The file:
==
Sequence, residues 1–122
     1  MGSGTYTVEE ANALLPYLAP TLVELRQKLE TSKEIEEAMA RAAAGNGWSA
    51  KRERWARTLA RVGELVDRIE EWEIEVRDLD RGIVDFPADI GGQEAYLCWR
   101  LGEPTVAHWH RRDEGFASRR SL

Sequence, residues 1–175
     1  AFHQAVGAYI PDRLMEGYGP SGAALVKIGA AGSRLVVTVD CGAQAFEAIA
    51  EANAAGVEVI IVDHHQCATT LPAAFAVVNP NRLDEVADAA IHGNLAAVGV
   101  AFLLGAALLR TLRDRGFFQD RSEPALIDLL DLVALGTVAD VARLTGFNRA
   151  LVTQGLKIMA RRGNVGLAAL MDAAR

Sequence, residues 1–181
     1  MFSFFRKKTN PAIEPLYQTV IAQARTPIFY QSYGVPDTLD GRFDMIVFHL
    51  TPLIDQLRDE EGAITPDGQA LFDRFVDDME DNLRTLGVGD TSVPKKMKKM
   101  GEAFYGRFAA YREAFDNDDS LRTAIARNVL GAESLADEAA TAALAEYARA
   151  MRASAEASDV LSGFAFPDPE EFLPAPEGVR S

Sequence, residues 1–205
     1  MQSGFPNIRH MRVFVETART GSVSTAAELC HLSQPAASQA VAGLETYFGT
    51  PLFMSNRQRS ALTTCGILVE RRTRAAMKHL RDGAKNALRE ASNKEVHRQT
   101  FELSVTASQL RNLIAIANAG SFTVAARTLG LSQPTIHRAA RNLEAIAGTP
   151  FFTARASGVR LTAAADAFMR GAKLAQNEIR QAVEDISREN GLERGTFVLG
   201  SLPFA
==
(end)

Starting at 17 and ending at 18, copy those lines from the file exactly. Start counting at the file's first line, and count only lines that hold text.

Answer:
    51  PLFMSNRQRS ALTTCGILVE RRTRAAMKHL RDGAKNALRE ASNKEVHRQT
   101  FELSVTASQL RNLIAIANAG SFTVAARTLG LSQPTIHRAA RNLEAIAGTP